Updated from 1:08 p.m. EST
Déjà vu swept the Treasury market Wednesday, and yields barely budged after
Chairman Ben Bernanke left little doubt about a rate hike at the next policy meeting and the possibility of a data-dependent move in the future.
In other words, it was just how Alan Greenspan left it before his last
Federal Open Market Committee
meeting in January.
During his testimony before the House Financial Services Committee, Bernanke didn't stray from the FOMC's
last policy statement, saying that the economy is strong, that inflation is being closely monitored and that further rate hikes seem likely in the near future and will depend on data.
The fed funds futures contract shows near certain odds that the fed funds rate will hit 4.75% at the March FOMC meeting, as well as 5.0% by the end of June.
"I don't think anyone is skeptical about the next 25 basis point move
to 4.50%, and as far as a hike in May goes, that's pretty much in play," says Bulent Baygun, head of U.S. fixed-income strategy at Barclays Capital.
Now "4.50% is the new 4.25%," says Baygun. And while upcoming key economic reports are in the pipeline, he acknowledges that there will be a lot of marking time until the FOMC's next meeting on March 28.
The benchmark 10-year note ended the day up 2/32 of a point to yield 4.60%. The 30-year bond added 8/32 to yield 4.57%, after gaining as much as 20/32 following Bernanke's remarks. Bond prices and yields move in opposite directions.
The five-year and two-year notes were both unchanged on the session to yield 4.60% and 4.69%, respectively. The yield spread between longer-dated maturities and the two-year remained inverted, though the spread narrowed a bit from the morning. (
Click here for more on the inverted curve.)
"The risk exists that, with aggregate demand exhibiting considerable momentum, output could overshoot its sustainable path, leading ultimately -- in the absence of countervailing monetary policy action -- to further upward pressure on inflation," Bernanke said in what will be a semiannual report to Congress, formerly known as the Humphrey-Hawkins testimony.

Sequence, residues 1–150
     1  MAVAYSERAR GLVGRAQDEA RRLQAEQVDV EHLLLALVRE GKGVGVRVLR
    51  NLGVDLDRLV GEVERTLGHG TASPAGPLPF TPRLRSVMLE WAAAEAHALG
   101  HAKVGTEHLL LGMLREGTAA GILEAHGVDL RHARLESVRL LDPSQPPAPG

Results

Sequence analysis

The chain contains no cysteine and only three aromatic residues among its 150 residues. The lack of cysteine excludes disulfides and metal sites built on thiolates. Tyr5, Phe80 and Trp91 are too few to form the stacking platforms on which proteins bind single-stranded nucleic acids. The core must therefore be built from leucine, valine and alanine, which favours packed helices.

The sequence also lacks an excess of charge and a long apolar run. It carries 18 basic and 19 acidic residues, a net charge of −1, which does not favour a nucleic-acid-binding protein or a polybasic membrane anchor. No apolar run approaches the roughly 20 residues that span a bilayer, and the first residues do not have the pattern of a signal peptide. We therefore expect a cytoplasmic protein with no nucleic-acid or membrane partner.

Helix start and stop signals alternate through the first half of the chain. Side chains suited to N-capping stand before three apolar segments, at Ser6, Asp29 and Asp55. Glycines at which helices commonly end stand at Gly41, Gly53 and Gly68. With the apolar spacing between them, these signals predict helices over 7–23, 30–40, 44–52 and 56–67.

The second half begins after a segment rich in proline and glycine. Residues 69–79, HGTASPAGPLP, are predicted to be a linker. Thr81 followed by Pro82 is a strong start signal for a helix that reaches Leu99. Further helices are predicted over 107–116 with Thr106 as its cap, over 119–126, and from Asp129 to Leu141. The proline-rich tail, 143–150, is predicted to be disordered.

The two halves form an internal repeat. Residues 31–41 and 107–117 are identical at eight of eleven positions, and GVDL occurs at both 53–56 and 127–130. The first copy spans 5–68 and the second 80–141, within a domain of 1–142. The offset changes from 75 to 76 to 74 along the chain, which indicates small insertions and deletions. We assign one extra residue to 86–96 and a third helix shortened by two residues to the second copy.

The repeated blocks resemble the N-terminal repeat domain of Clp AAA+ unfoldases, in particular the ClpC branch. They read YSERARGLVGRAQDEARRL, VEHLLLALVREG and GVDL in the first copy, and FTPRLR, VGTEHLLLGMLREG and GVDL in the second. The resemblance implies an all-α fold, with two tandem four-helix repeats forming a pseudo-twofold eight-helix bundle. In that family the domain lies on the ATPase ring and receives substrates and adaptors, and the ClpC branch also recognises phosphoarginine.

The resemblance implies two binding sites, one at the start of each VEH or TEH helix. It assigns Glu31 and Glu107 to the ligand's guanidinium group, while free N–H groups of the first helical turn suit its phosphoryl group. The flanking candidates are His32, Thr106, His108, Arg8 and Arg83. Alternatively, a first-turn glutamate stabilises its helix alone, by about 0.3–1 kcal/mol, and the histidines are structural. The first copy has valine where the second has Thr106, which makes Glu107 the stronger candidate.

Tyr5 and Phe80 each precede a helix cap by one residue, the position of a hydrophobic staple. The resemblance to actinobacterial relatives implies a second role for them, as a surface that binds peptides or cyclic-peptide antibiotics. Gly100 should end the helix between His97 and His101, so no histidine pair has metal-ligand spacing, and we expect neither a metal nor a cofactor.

"It almost sounded like Greenspan wrote the speech for him," says Drew Matus, senior U.S. economist specializing in fixed income at Lehman Brothers. "When he promised continuity, he delivered."
Bernanke specifically cited higher energy prices and high levels of resource utilization as possible inflationary culprits. He gave no guidance as to when the Fed's rate-raising campaign would end.
The event was his first public speech since becoming Fed chief, and he will go through more of the same Thursday when he testifies before the Senate Banking Committee. Since his prepared remarks will be a repeat, the market will closely watch the question and answer period.
"By virtue of not hinting at any change in Fed policy, he was able to calm the market," says Baygun, referring to the fact that Treasuries were little changed. He adds that the key difference between now and the end of the Greenspan era is that most economists believe this will be a strong quarter.
"We're coming to terms with the fact that this quarter we're looking at much more solid growth," Baygun says. "Our bias is toward higher rates."